Tesla's Autopilot feature is one of the brand's most wanted upgrades, as Elon Musk has claimed the current hardware package will be capable of full autonomy once the software catches up. Model 3 buyers might not be tempted by upgrades that are purely aesthetic, but the potential for a self-driving car could be more appealing.
The Enhanced Autopilot Package, which currently offers semi-autonomous capabilities, costs an extra $5,000, so that would bring the car up to the $50,000 mark. Full Self-Driving Capability, which isn't even functional at launch with no definite timeframe for activation, is an extra $3,000 on top of that. Your self-driving, long range, non-black Model 3 is now $53,000.
Thrifty customers might be more likely to resist the temptation for the 19-inch sport wheels and the Premium Upgrade Package for the Model 3's interior, but those options are also available. Tack on $1,500 for the wheels, and $5,000 for the luxe interior. A fully-loaded Model 3 goes for $59,500 before tax and title.
Home charging will also cost more
The most difficult cost to estimate for the Model 3 is also one of the most essential: how much will you pay to power your vehicle. Tesla has a few calculator tools that estimate savings compared to gasoline, but the company has casually avoided the fact that most people will need a new, special outlet installed into their homes or garages.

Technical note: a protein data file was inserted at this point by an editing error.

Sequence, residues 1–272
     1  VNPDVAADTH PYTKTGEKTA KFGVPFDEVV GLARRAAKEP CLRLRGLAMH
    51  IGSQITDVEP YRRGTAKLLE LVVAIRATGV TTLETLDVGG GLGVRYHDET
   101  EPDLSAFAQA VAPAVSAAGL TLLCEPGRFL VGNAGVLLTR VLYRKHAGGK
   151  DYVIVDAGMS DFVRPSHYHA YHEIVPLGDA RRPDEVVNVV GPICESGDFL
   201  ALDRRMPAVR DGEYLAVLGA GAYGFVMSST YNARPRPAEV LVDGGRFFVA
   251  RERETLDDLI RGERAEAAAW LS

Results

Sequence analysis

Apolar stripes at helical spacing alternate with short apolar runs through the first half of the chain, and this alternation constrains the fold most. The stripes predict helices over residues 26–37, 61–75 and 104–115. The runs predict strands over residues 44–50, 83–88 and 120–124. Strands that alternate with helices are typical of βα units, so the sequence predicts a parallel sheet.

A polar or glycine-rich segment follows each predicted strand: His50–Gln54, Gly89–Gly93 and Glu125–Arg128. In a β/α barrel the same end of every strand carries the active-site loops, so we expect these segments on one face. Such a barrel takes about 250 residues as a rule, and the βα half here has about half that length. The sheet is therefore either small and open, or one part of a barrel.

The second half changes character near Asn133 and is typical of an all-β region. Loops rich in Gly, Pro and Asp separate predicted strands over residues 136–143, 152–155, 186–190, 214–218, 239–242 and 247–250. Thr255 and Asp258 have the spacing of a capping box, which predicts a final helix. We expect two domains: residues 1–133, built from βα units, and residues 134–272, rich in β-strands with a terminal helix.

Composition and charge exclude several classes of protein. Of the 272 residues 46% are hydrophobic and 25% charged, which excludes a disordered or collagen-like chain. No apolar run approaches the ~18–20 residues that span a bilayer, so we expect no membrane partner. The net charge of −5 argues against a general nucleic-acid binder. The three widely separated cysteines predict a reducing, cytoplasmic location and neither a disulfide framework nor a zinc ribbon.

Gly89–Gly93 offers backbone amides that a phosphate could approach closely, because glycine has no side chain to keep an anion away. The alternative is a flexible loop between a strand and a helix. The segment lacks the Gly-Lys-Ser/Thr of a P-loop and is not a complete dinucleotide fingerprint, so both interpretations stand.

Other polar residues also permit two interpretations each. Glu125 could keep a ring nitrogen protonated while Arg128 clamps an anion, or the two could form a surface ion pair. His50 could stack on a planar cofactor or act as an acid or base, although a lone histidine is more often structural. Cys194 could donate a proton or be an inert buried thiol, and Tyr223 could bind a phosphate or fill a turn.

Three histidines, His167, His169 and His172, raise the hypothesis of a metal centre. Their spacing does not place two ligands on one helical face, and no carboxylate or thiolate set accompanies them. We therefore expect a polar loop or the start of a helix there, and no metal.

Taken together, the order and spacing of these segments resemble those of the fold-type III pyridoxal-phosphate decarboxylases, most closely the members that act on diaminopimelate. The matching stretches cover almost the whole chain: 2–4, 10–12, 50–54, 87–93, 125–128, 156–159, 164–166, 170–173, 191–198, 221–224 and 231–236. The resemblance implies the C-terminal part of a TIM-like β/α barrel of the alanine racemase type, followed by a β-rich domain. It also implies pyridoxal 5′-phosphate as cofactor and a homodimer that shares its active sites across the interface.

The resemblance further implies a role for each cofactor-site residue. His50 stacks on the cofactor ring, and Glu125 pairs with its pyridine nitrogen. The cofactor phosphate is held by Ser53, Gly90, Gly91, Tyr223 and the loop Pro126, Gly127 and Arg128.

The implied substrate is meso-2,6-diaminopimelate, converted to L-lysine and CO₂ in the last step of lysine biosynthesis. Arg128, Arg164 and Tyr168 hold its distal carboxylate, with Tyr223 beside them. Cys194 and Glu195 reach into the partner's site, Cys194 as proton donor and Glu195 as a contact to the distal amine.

The Tesla Model 3 can technically charge from a standard 120v outlet using an adapter, but it barely gets any fuel that way. Tesla recommends that its customers install a 240v outlet in their homes instead, which can become a complicated process, depending on the setup.
New Model 3 owners will have to hire a licensed electrician (Tesla offers a database of specially trained professionals for the job), so the cost varies depending on who you call for the job. It ultimately depends on any number of factors, including potential service panel upgrades, home improvements to make room for the system, and relevant permit and inspection fees.
Tesla claims the costs might range from a few hundred to a few thousand dollars, and enthusiastic owners on web forums mostly agree, with the lowest reported estimates for the job coming in around $350 and the highest up to $7,000.
Tesla also sells a line of Wall Connectors for home charging starting at $500. They're not required, but make it easier for people to manage the entire installation process. Although installations can vary widely, our local Tesla shop told us that installing one of the Wall Connectors will likely run new owners about $1,500.
Charging on the road
Charging outside the home might also add to the long-term cost of the Model 3. Tesla once offered free use of its Supercharger network to all owners, but now there are some fees for vehicles ordered after January 15, 2017.